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volume 3 issue 11

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Animefringe Editorial:
Confessions of a Virgin Cosplayer
By Animefringe's own assistant editor Neil Creek

Dom says that "cosplay is love". I believed that completely after I attended my first anime con last year, and watched the cosplayers there with admiration, respect and a little jealousy. It was a small con so there were only a handful of cosplayers, and they were getting so much attention! People would stop, point and shout "Lina Inverse! Cooool!". Everyone wanted their photo taken with the cosplayers, and whenever they walked past, a ripple of smiles spread in their wake.

Oh yes, I wanted to be one of them.

First I had to choose a character. Someone I knew, with a relatively simple costume because this would be my first, someone people would recognise, and obviously someone cool. One name stood out above all others. Ashitaka. You know, that guy from Mononoke?

I quickly discovered that I hadn't chosen an easy costume at all! I had to make everything! The kimono and pants were easy to adapt from existing clothes, but not the sleeves, the boots, the weapons and the genuine sheepskin riding pants! I wanted to look authentic, and that wasn't easy. I considered looking for hay to make a real straw cloak, but that was not to be. At least I managed to get a REAL bow!

The con had finally arrived, and despite the exhaustion of staying up late to complete the final touches, I was excited. I dressed in the basics of the costume and drove to the venue, ready to change into the rest in the car park. Once I had arrived with my friend cosplaying as Tenchi, I nervously dressed in the rest of my gear. My heart was racing with a combination of anticipation and sheer terror. I was smart though! Ashitaka wears a hood and mask! This offered my dignity some protection, as no one had to see my pale white face and twitching eyelid.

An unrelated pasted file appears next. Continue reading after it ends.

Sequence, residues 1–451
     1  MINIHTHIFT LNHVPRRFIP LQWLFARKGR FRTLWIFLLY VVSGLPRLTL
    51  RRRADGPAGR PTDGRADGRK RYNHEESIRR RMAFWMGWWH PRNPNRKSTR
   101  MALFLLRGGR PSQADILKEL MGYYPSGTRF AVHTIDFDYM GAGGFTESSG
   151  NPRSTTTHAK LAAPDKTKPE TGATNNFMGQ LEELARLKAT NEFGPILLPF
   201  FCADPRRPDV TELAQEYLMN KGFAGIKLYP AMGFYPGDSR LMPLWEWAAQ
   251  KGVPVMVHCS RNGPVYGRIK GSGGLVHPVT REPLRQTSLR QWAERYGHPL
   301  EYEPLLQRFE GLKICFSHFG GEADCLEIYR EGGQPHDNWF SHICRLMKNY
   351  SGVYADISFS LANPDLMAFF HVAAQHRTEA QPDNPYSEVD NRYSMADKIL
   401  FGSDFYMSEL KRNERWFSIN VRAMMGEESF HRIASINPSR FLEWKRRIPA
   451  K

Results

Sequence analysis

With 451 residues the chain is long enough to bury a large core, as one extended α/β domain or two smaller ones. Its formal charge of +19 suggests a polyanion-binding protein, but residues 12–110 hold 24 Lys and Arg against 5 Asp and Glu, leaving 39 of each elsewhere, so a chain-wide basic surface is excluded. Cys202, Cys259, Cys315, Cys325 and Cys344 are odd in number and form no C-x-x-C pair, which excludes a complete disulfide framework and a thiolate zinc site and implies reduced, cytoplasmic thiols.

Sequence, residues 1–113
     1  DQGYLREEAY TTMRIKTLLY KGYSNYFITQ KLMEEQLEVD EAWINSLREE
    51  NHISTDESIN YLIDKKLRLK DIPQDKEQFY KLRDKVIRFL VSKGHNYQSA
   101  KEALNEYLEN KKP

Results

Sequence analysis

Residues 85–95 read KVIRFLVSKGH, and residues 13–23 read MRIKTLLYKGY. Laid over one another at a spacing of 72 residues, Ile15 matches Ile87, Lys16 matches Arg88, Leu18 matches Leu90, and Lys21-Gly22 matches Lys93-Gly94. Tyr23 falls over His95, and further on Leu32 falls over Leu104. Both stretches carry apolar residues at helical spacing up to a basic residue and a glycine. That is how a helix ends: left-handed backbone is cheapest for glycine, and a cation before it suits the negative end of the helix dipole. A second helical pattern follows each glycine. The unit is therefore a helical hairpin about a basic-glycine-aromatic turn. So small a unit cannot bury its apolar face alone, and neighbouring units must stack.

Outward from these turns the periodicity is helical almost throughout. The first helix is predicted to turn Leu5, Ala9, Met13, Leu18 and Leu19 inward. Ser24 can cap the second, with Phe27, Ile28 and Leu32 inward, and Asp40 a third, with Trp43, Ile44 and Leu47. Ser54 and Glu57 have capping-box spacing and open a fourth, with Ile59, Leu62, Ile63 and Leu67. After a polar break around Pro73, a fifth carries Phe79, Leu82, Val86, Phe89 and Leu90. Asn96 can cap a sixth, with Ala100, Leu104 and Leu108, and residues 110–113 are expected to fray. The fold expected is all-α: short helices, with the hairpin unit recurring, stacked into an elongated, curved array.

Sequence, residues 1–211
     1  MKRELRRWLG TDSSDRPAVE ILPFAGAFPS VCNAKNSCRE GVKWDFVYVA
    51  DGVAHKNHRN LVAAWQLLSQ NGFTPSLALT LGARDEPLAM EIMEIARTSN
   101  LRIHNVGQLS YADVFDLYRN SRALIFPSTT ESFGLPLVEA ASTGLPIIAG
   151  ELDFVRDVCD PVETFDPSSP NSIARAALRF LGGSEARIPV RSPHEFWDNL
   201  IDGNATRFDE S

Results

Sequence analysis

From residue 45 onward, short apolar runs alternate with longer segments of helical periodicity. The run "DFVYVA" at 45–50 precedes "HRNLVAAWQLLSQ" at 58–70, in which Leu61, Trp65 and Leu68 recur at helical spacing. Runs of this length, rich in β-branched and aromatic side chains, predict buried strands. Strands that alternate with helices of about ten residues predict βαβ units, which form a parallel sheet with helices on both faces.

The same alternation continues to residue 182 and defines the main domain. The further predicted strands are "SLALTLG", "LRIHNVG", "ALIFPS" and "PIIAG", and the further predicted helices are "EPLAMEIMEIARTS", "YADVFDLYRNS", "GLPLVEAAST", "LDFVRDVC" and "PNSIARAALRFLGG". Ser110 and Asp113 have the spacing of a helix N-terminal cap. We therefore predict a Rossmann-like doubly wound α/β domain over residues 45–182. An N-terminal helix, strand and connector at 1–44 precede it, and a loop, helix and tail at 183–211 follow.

Nervously we approached the registration desk, as we attracted looks from all around. Those not attending the con looked quizzically. Those attending the con looked quizzically. Perhaps they didn't recognise me, I thought. Only a few steps from the entrance, my feet felt strange. I looked down and my fake boots, nothing more than elaborate canvas bags tied over my shoes, had slid off and were flopping all over the place. Oh the embarrassment! I crouched down to try and fix the problem, and my bow fell off my shoulder. I tried to pick it up, and the quiver fell to the ground. Growing increasingly embarrassed, I tried to pick it all up, before the wind blew the mask up into my face so I couldn't see a thing!

Ten minutes later, I'd reassembled my costume, recovered my composure, and tried to walk as dignified as possible to the registration desk.

"Hi! Who are you dressed as?"


"That guy from Mononoke."
My heart sank. "Ashitaka." He stared blankly at me. "From Princess Mononoke."

"Aahhh! Cool sword!"

And such it was for most of the day. People asked me for my photo, I got a big round of applause in the competition for role-playing the mouth-feeding scene with a cross-playing San, and my shoes stayed on. But no one, not once, called me Ashitaka. Even the really cute female San cosplayer forgot my name, but at least I got a photo with her :). No, to everyone else I was "That guy from Mononoke."

So was it what I expected? Not exactly. The romance of cosplay fades a little when your shoes fall off, and your bow keeps poking people in the crowded dealer's room. But even if it wasn't as romantic as I imagined, it was far more thrilling than I ever expected! The cold fear, and the rush when that fear turns into bravado. Sure I wasn't recognised much, but my costume was frequently complemented and I could see the respect in the eyes of the other anime fans. The feeling upon seeing that respect was one of immense pride.

Perhaps one of those fans looked at me and thought "Oh yes, I want to be one of them". And perhaps next year, they'll decide to cosplay. A higher compliment I cannot imagine.


A word from Neil: "I would like to thank my mother and my wife for their help and encouragement with making my costume. I hadn't touched a sewing-machine since high school home economics class, and I couldn't have done it without them."

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